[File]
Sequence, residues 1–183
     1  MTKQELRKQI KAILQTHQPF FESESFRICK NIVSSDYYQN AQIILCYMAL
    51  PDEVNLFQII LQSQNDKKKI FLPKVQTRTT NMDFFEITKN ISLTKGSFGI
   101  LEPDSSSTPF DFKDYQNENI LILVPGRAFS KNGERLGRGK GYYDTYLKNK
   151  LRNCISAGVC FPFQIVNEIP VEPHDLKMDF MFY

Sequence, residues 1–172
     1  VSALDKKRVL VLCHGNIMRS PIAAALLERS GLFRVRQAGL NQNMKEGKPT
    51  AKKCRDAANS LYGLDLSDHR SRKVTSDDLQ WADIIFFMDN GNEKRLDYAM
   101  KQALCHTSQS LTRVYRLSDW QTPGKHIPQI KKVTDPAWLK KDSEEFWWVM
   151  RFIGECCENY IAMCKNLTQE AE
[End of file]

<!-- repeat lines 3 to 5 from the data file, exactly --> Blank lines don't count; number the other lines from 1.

    51  PDEVNLFQII LQSQNDKKKI FLPKVQTRTT NMDFFEITKN ISLTKGSFGI
   101  LEPDSSSTPF DFKDYQNENI LILVPGRAFS KNGERLGRGK GYYDTYLKNK
   151  LRNCISAGVC FPFQIVNEIP VEPHDLKMDF MFY